Creating a sensory-friendly classroom environment does not need to be time-consuming or budget-busting. Today we are sharing 5 tips that can help you turn your classroom into a sensory-friendly classroom for all children.
The average student can attend for 10-15 minutes at a time before needing a break. A brain break can be as simple as standing up and doing some stretches, having a 30-second dance party, or even just switching to a different location or station.
Setting up sensory-motor walk in your school hallway can be used during transitions in the hallway or before returning to class from lunch/recess.
Remember with all brain breaks to end with a calming type activity to achieve that just-right level of arousal and balance before asking a child to sit down again.
If you aren't sure where to start with alternative seating, our therapy friends at The Inspired Treehouse have a great post on alternative seating in the classroom.
You can include wiggle seats, exercise ball, t-seats, ways to stand/kneel, or a rocking chair or bean bag chair in your sensory space.
Florescent lights are not only very bright and unnatural, but they can also cause a “buzzing” noise that may be distracting to children who are hypersensitive to auditory input. Finding some alternative lighting solutions can be a great way to create a sensory-friendly environment in your classroom.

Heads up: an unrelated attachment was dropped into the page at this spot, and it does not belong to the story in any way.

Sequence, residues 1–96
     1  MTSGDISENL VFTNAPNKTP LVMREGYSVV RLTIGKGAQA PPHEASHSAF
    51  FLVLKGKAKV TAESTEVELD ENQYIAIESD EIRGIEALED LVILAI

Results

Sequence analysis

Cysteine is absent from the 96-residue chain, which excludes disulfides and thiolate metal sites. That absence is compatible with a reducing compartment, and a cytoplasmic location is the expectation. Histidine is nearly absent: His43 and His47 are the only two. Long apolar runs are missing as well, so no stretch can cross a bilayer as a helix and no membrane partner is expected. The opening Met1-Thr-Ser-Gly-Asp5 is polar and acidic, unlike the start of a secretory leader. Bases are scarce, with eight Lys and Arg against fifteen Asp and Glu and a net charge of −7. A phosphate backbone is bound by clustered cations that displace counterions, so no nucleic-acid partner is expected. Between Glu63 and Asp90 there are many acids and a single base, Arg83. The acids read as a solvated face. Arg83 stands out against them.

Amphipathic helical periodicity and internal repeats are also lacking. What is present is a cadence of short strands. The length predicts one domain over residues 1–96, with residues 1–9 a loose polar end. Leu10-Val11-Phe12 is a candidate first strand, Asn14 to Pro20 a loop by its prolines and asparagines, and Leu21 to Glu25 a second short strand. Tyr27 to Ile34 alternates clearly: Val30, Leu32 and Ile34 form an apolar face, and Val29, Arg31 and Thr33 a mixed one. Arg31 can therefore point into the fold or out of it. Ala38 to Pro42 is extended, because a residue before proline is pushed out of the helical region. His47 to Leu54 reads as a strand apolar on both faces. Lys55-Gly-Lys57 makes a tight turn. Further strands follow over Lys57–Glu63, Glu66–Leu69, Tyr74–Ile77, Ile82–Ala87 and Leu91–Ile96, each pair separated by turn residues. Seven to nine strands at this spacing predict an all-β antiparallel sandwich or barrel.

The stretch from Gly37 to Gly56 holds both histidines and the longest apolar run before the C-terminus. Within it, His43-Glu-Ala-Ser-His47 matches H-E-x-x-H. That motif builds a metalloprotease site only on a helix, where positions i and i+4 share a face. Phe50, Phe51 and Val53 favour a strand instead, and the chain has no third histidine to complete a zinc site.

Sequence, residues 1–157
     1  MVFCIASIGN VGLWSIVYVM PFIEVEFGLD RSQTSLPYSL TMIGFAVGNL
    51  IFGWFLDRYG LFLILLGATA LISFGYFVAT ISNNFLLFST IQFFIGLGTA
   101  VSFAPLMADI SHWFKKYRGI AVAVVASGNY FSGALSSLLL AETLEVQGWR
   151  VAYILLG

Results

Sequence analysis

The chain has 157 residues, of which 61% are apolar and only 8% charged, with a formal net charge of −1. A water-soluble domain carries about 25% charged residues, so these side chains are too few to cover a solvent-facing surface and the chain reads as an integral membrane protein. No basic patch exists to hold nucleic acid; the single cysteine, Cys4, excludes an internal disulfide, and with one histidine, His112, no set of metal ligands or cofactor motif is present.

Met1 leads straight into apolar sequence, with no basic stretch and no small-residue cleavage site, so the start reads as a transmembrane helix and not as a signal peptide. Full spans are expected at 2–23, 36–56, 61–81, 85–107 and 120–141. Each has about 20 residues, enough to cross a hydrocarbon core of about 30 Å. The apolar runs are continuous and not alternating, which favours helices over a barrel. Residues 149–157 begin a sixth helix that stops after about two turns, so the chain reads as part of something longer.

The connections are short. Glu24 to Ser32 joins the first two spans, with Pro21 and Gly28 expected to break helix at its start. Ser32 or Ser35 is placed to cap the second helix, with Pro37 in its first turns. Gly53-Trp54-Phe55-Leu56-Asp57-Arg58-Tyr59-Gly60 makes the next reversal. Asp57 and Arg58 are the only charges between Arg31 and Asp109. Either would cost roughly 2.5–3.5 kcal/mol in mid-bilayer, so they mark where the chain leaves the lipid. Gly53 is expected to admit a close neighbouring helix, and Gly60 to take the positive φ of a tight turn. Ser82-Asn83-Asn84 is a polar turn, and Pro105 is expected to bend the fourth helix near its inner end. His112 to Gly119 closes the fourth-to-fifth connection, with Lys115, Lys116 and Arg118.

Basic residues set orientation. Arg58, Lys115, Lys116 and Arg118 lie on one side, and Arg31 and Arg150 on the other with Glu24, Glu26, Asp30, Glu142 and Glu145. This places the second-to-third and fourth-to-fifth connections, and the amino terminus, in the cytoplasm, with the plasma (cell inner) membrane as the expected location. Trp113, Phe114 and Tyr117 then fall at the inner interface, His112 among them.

Use Christmas lights if allowed, turn off overhead light or cover lights with heat-safe cover. Replace overhead lights with lamps. Double-check with your school for any safety protocols with the use of extension cords or covering the overhead lights.
Set up sensory corner or space
A sensory space does not need to be elaborate.
Include a rocking chair or bean bag chair, a calming bottle, breathing exercise cards, posters of breathing tips, books, paper, crayons, simple/quiet brain break activities.
Sharla set up a sensory space in one of her closets at home. While it isn't a classroom, she shares a lot of great ideas that can be adapted for a classroom.
Minimize class decorations/visual input
- Be strategic in your visual prompts and decorations.
- Use visual schedules for common routines
- Visual timers for transitions between activities and environments